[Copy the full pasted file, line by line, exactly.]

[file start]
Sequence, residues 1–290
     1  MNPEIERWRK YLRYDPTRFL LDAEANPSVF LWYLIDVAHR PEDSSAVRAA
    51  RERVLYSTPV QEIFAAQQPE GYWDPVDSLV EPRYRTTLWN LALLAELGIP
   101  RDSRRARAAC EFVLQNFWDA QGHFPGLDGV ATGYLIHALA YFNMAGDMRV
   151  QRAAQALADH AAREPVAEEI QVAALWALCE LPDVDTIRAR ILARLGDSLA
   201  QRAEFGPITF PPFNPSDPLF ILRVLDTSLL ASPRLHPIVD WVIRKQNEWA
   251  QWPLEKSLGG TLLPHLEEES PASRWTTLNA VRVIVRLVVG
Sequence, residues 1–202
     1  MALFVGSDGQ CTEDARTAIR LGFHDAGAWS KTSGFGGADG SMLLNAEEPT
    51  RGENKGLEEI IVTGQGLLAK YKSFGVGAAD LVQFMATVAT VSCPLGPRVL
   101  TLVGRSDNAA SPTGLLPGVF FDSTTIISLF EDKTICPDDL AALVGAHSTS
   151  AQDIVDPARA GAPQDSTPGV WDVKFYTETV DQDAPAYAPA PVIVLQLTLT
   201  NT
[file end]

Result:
Sequence, residues 1–290
     1  MNPEIERWRK YLRYDPTRFL LDAEANPSVF LWYLIDVAHR PEDSSAVRAA
    51  RERVLYSTPV QEIFAAQQPE GYWDPVDSLV EPRYRTTLWN LALLAELGIP
   101  RDSRRARAAC EFVLQNFWDA QGHFPGLDGV ATGYLIHALA YFNMAGDMRV
   151  QRAAQALADH AAREPVAEEI QVAALWALCE LPDVDTIRAR ILARLGDSLA
   201  QRAEFGPITF PPFNPSDPLF ILRVLDTSLL ASPRLHPIVD WVIRKQNEWA
   251  QWPLEKSLGG TLLPHLEEES PASRWTTLNA VRVIVRLVVG
Sequence, residues 1–202
     1  MALFVGSDGQ CTEDARTAIR LGFHDAGAWS KTSGFGGADG SMLLNAEEPT
    51  RGENKGLEEI IVTGQGLLAK YKSFGVGAAD LVQFMATVAT VSCPLGPRVL
   101  TLVGRSDNAA SPTGLLPGVF FDSTTIISLF EDKTICPDDL AALVGAHSTS
   151  AQDIVDPARA GAPQDSTPGV WDVKFYTETV DQDAPAYAPA PVIVLQLTLT
   201  NT